But the end result is alchemical: something magical out of a mess of poorly focused shots, duplicates, blurry snaps of children in motion. Looking back at these books reminds me there is good in every season, no matter how morning sick it was. Recently I pulled one volume from the shelf to show Pippin the winter he and J made a snow fort in the backyard, and suddenly I found the kids immersed in photo albums, Scout reverently whispering, “Baby” as she pointed emphatically at photo after photo.
I’ve used Shutterfly, Blurb, MyPublisher, Mixbook and Pinhole Press (this one just for board books). Of these, probably MyPublisher is my favorite for prettiness (cloth covers!) and Shutterfly/Mixbook are cheapest and easiest to use. (I just read MyPublisher is closing up shop, though. Figures.)
Along the way, I’ve assembled a stack of photo books that vary in size and quality but all serve to tell the story of our family. It’s easy to snag one off the shelf to show a neighbor how impressively bald and round-headed Pip was as a baby, or to show Pip what our old house in Granby looked like. Sometimes he’ll ask for one to be read to him as a story book, or Scout will page enthusiastically and violently through one. I remember my own childhood fondness for those static-page photo albums of the ’90s and so I soldier on with clunky software and crashing websites, building up the Grimm Bowers family record one photo book at a time.
When I was a kid, I had really, outrageously narrow feet. For years I wore the same Reebok Princess sneakers in a variety of sizes that my sixty-year-old gym teacher sported. It was the worst. My mom was always sympathetic — we are both 7.5 AAA — but there’s only so much you can do, especially when you have a limited budget for rapidly growing feet.
And then I got pregnant.
And my feet stayed the same. Twice.
Everyone says pregnancy can make your feet bigger, flatter, wider, but not this moi. Apparently, however, judging by what is commonly available in even A-narrow shoes (much less AAA, my size), the only other narrow-footed women are octogenarians.
Still, in the past ten years, I’ve developed some strategies for you rare youthful unicorns with narrow feet:
- Adjustable features. Even though I often take a S or AAA in picky shoes like pumps, I can often wear normal sneakers or boots that lace up. Last summer I also found some pretty narrow (A) sandals that worked because their straps are Velcro, so I don’t have to try to punch more holes for buckled shoes.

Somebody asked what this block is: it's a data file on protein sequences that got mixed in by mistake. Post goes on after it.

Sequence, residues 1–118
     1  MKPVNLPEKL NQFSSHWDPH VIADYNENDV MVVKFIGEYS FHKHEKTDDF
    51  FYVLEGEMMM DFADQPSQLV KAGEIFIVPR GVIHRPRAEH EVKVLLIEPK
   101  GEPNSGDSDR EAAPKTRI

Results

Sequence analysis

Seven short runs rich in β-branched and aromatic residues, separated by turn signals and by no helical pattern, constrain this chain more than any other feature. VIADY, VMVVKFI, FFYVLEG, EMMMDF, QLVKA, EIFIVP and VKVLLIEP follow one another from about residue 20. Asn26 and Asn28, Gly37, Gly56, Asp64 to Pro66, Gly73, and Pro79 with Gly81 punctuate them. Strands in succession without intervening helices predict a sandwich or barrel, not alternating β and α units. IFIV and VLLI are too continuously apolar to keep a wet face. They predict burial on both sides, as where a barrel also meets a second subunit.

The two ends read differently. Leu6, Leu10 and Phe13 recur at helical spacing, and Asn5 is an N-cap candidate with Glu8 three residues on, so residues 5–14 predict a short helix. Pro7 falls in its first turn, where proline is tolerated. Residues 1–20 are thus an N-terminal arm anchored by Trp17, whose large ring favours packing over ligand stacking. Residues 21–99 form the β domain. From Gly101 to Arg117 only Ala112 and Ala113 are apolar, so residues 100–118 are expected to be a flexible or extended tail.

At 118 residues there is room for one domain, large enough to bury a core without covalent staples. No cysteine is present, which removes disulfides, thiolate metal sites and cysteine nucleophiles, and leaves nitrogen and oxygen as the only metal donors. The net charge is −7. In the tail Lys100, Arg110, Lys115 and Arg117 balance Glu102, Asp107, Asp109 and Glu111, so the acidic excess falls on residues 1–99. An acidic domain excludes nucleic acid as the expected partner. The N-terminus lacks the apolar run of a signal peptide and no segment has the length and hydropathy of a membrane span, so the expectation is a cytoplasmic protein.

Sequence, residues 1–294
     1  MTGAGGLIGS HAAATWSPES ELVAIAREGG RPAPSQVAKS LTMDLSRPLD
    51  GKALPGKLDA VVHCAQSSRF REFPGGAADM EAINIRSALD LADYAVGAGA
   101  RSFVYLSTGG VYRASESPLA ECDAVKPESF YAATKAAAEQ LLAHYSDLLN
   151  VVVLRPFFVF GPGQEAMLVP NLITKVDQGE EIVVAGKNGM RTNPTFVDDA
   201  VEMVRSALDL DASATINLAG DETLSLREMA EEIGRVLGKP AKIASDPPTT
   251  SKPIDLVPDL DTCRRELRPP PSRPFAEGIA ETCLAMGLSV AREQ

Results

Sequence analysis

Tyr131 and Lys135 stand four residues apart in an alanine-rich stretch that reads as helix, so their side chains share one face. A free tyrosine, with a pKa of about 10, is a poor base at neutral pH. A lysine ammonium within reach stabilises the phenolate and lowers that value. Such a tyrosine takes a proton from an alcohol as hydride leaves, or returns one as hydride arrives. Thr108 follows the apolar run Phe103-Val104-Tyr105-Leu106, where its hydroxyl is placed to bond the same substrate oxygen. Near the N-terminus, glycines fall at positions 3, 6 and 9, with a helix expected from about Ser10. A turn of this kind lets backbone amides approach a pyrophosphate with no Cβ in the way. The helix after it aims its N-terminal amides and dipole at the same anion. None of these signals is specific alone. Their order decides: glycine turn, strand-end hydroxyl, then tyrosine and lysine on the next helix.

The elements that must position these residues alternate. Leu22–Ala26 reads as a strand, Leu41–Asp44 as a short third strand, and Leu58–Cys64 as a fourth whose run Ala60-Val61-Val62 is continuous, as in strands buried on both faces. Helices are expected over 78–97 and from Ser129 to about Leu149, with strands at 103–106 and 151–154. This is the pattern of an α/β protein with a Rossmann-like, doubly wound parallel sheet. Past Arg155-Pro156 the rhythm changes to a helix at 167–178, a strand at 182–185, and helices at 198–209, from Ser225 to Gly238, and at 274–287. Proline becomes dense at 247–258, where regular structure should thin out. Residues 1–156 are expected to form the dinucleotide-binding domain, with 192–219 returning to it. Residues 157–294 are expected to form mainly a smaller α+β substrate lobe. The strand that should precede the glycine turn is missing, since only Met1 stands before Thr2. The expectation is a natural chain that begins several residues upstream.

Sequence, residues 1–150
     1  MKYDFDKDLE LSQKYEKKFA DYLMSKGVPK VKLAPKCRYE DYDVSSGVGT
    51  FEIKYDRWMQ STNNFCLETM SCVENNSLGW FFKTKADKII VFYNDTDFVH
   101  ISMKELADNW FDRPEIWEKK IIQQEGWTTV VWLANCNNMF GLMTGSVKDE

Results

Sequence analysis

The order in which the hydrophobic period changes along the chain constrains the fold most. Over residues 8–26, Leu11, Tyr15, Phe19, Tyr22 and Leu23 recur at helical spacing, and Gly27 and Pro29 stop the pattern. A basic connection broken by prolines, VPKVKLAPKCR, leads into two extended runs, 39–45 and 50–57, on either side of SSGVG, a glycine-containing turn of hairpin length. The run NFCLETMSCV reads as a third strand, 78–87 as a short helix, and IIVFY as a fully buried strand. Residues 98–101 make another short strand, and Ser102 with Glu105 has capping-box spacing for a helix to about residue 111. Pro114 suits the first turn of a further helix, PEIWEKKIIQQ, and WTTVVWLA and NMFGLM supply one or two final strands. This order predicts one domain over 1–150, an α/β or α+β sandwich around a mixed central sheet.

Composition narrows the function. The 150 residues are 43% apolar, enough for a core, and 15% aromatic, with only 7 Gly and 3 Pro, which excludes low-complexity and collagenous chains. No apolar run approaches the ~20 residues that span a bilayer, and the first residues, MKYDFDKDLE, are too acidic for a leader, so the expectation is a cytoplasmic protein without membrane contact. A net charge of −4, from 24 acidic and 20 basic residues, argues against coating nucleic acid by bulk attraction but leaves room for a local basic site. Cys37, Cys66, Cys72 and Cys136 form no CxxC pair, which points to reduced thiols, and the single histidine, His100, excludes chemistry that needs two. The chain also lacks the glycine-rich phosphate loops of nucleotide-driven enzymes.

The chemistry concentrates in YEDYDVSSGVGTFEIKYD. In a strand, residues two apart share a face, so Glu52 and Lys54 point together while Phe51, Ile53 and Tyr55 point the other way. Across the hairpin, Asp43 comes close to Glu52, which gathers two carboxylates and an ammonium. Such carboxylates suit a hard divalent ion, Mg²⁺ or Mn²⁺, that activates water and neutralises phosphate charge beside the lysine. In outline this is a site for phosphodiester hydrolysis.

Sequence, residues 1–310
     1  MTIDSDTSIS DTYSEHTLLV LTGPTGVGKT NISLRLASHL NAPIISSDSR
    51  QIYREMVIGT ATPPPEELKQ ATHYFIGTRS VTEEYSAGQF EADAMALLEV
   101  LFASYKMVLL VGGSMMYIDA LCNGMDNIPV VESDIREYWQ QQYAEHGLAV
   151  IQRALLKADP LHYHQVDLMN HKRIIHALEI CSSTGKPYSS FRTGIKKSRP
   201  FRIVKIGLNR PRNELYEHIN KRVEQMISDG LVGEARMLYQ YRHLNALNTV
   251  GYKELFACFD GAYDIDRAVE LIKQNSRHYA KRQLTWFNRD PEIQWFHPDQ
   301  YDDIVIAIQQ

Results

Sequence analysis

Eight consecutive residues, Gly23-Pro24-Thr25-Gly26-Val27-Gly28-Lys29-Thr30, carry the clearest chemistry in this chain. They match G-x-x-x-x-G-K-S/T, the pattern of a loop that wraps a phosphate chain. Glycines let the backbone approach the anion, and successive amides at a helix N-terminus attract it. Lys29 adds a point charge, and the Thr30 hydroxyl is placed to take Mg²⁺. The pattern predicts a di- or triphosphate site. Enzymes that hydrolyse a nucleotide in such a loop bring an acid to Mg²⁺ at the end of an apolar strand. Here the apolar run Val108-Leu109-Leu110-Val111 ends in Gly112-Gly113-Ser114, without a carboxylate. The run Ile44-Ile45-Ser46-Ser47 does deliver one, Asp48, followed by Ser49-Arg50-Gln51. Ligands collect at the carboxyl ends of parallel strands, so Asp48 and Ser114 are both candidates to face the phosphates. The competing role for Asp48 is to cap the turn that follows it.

- Use a site that only lets you look at narrow shoes so you aren’t tempted. Online Shoes is a good starting place. I’ll sometimes filter by width and the maximum I’m willing to pay, then browse like a normal human might at the store.
- Find a shoe you like on a site that doesn’t sell narrow shoes, then borrow search terms from its description to search a site that lets you filter by width. So you find boots you like on Madewell or wherever, and then search for “chelsea boots” to help sift out all the old lady styles.
- If, by the grace of ye heavens, you find inexpensive narrow-fitting normal-person shoes, buy a zillion pairs. This has really only happened for me once, with these Target Toms knockoffs. Since that glorious idle spring day a couple years ago when I happened to try on a pair, I’ve bought like…six pairs. Sometimes I get cocky and try to wait for a sale where they’re $10 instead of $20, but if you’re used to paying $60-100 for a pair of shoes, this is exciting territory.
If you have narrow feet (or quite wide, I suppose), what hacks have you found for tracking down shoes that will fit?
When we left Uganda after six months of living on a hospital compound, our friends there gave us the gift they’d given many expats before us: a length of batik fabric.
I was a bit stumped as to how to use our gift — I already had a locally made dress or two. Eventually, I settled on cloth napkins, and my best friend’s sainted mother, who had just made six bridesmaid dresses for me the year before (not to mention my veil), agreed to cut them out for me.
The thing is, if you have cloth napkins, you might as well use cloth napkins. And if you use cloth napkins, you might as well have enough to do a load of just dishrags and bibs and cloth napkins, because you don’t want melted butter or whatever coming off onto your nice clothes in the laundry.
And over time, I’ve really come to embrace cloth napkins as a tiny but not insignificant part of our family culture and our practice of hospitality. I come from a paper napkin tribe, so this is a special Grimm-Bowers thing. I haven’t bought the plain white jumbo pack in years.
A table setting at our house rarely matches, but each set has a story: first the Ugandan napkins, next a few scrounged at a Target after-Christmas sale, then a set from a church sale with Pippin’s godparents, a thick stack from John’s grandmother, a rainbow of vintage napkins snagged at a neighborhood yard sale this fall with my mom and granny.
Once you start looking, cloth napkins are cheap to come by, if you’re not too fussy about matching, and they aren’t much work if you’re not intent on ironing. You can keep a little bin in or near the kitchen (mine attaches to a cabinet) to chuck the napkins and rags into as you clean up after dinner. I do a load about once a week, and fold them in five minutes listening to something fun or watching TV.
It’s a small, green, distinctive touch that helps make our house a home.